I live in a rented apartment in Seattle, Washington, but I’d like to purchase a home in the next few months. My plan is to find a house that is in foreclosure and then make a bid at the sale. However, I’m a little worried that the homeowners might be able to get the property back once the foreclosure is completed. Could this happen after I’ve bought a house this way and moved in?
Yes, it is possible, although very uncommon, for Washington homeowners to get the house back after a foreclosure sale. They would do this by paying you the amount you bid at the foreclosure sale, plus various other costs. This is known as redeeming the property.
In a nutshell, foreclosed homeowners in Washington get the right to redeem the home only in the case of what’s called a judicial foreclosure, subject to some limitations. (This is explained in more detail below.) If the foreclosure is nonjudicial (as most are), the former homeowners cannot get the home back after the foreclosure.
Read on to learn more about these different types of foreclosures and how Washington’s redemption laws might affect your ability to settle into your new home without having to worry that you might lose it at some point afterward.
Most residential foreclosures in Washington are nonjudicial, which means the lender does not have to go through state court to foreclose. Judicial foreclosures, where the lender files a lawsuit in court to foreclose, are also possible.
Does the difference between a nonjudicial and a judicial foreclosure really matter to you as a potential buyer at a foreclosure sale? Yes, because whether the homeowners can redeem depends primarily on the foreclosure process that the lender uses.
How to find out whether the foreclosure is nonjudicial or judicial. One way to find out whether the foreclosure is nonjudicial or judicial is to go to www.zillow.com. You must sign up for a free account; otherwise you won’t be able to review all of the foreclosure information. Enter the address of the home you’re thinking of bidding on in the search box, which will bring up a map of the neighborhood. Next, click on the home’s address, which is a link to its Web page. Then, scroll down to where you see “More foreclosure information” and click on the link to find out whether the foreclosure is nonjudicial or judicial. (If you want to call someone for information about the foreclosure, you can usually find the name and phone number of the foreclosure trustee or attorney here, as well.)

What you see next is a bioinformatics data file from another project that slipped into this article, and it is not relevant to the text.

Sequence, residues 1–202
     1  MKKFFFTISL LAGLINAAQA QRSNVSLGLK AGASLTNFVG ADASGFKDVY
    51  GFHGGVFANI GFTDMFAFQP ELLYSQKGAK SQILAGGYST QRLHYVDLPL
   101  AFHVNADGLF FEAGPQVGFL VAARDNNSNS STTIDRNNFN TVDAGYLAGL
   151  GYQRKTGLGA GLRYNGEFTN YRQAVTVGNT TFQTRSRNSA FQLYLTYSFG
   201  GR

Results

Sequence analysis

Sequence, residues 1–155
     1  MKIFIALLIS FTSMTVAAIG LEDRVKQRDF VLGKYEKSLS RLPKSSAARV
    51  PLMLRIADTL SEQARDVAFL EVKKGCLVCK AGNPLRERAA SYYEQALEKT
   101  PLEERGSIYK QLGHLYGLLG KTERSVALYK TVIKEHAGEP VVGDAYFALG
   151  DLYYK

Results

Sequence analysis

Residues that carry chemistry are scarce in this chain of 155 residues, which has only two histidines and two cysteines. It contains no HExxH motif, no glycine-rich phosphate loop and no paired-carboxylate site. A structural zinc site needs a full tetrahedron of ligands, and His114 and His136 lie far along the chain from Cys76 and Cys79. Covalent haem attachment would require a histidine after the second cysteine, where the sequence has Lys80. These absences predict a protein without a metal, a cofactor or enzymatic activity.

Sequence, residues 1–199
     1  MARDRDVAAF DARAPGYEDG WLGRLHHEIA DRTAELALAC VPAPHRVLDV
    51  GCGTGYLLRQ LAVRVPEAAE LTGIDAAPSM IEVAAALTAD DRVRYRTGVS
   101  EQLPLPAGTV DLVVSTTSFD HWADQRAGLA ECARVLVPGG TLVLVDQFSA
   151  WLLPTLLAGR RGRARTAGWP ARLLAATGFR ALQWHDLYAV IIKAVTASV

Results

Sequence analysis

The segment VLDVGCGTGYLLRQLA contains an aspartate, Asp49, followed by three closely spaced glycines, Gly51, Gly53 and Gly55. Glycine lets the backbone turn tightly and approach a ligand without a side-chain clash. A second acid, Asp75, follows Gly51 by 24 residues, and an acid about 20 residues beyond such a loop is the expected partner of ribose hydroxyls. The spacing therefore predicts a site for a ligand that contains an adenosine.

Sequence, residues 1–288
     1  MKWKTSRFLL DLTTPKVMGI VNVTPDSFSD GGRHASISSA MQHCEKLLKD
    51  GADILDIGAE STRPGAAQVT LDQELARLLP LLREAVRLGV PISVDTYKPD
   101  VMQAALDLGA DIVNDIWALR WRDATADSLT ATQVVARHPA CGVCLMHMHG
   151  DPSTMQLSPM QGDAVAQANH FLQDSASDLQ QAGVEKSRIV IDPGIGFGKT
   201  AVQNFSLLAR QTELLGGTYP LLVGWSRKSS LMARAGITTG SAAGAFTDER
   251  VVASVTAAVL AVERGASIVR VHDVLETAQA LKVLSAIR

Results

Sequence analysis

If the foreclosure is nonjudicial, the former homeowners won’t get the right to redeem the house (Wash. Rev. Code Ann. § 61.24.050(1)). This is great news for you,de since the vast majority of foreclosures in Washington are nonjudicial.
If the foreclosure is judicial, the homeowners may redeem the home within:
What is a deficiency judgment? In many foreclosures, the homeowners owe more on the mortgage than the house sells for at a foreclosure sale. The difference between the sale price and the total mortgage debt is called a deficiency. In some states, including Washington, the lender can seek a personal judgment against the homeowner to recover the deficiency under certain circumstances. (Learn more about Deficiency Judgments After Foreclosure in Washington.)
If the court determines that the homeowners abandoned the home for six months or more, they don’t get a redemption period (Wash. Rev. Code Ann. § 61.12.093).
In order to redeem, the former owners would have to reimburse you for the full amount you bid at the sale, plus all other allowable charges such as interest and the amount of any assessments or taxes you paid, plus interest on that amount (Wash. Rev. Code Ann. § 6.23.020(2)).
Redemption is not very common, and it’s easy to see why not. A Washington homeowner who, perhaps only eight months ago, was unable to keep up on the home’s mortgage payments would have to turn around and come up with not only enough money to pay you back for the amount you paid at the sale, but also enough to cover interest and many of your expenses related to the home.
It’s also possible, but rare, for some other party (such as various creditors who had liens on the home) to redeem the home (Wash. Rev. Code Ann. § 6.23.010).
In some cases, the IRS may redeem a house after a judicial or nonjudicial foreclosure -- though this doesn’t happen very often, either. The IRS can redeem only if there was a federal tax lien on the home at the time of the foreclosure.
The IRS gets 120 days (or the allowable period based on state law, whichever is longer) to do this. You would get a notice in advance if the IRS considers redeeming the home.
To find the statutes that discuss redemption rights in Washington, go to Title 6, Chapters 61.12, 6.23, and 61.24 of the Revised Code of Washington.